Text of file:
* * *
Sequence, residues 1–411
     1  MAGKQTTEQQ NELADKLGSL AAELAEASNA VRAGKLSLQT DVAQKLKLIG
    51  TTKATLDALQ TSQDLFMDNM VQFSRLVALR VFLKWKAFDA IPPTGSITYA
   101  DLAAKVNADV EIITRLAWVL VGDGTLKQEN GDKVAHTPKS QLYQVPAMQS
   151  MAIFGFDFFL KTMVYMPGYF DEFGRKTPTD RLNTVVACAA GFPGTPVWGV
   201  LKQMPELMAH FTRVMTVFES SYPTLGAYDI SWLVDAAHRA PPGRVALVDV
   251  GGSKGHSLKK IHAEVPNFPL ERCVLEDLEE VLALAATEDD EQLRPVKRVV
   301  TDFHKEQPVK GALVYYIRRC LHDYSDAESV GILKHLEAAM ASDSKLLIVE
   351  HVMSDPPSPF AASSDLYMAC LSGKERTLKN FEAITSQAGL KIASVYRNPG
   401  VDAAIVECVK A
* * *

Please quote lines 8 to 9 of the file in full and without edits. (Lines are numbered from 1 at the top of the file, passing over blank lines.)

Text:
   301  TDFHKEQPVK GALVYYIRRC LHDYSDAESV GILKHLEAAM ASDSKLLIVE
   351  HVMSDPPSPF AASSDLYMAC LSGKERTLKN FEAITSQAGL KIASVYRNPG